- NET Web Desk
A team of international scientists has identified a pair of extinct lion cubs, considered best among other preserved specimens ever found.
Found frozen deep in the Siberian Arctic, the cave lion cub looks perfectly preserved. Believed to be 28,000 years old, the cub’s golden fur is still intact.
The study, published in the journal Quaternary, found that the cave lions’ coat was similar but not identical to that of an African lion cub.
Her soft tissues, teeth are mummified but intact, with claws still sharp enough. Researchers termed the cubs as ‘remarkable’.
The Siberian Simba, nicknamed Sparta, was one of two baby cave lions, the extinct big cats that used to roam widely across the northern hemisphere.
Found in 2017 and 2018 by mammoth tusk hunters on the banks of the Semyuelyakh River in Russia’s Far East, initially it was believed, that both cubs were siblings.
Found just 15 meters (49 ft) apart, but a new study identified these cubs differing in age by around 15,000 years.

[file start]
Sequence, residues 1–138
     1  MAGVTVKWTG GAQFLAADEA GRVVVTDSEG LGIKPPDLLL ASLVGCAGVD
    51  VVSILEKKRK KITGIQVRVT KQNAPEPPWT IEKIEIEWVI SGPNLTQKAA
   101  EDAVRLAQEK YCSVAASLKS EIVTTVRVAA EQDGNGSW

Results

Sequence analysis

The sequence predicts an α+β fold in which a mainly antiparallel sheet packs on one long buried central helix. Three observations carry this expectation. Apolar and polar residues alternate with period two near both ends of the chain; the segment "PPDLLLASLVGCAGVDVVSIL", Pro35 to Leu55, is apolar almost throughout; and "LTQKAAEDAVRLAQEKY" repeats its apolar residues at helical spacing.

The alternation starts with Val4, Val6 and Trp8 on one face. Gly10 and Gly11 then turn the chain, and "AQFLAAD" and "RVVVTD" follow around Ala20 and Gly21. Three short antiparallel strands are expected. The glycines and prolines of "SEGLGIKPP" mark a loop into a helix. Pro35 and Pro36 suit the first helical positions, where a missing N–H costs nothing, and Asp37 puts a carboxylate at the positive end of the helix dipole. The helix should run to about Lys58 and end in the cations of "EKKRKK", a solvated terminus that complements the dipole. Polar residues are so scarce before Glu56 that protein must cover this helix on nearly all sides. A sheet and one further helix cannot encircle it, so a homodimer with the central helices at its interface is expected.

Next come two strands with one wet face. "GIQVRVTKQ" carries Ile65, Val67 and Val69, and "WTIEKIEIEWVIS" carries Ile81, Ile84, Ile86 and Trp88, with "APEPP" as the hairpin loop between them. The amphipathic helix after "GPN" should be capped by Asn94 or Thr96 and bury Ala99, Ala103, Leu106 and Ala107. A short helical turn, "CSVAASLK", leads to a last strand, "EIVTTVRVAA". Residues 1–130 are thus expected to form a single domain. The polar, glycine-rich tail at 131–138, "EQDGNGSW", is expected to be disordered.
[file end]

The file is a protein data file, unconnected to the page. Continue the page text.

The other cub, Boris is believed to be 43,448 years old.
Study says both cubs were just 1 or 2 yrs old, when they perished. Although scientists couldn’t reveal the exact reason of their death.
But, the research including Japan and Russian scientists revealed no sign of attack from the predators.
“Sparta is probably the best preserved Ice Age animal ever found, and is more or less undamaged apart from the fur being a bit ruffled. She even had the whiskers preserved. Boris is a bit more damaged, but still pretty good,” said Love Dalen, a professor of evolutionary genetics at the Centre for Palaeogenetics in Stockholm, Sweden, and an author of a new study on the cubs.
However, computed tomography scans depicted skull damage, dislocation of ribs, and other distortions in their skeletons.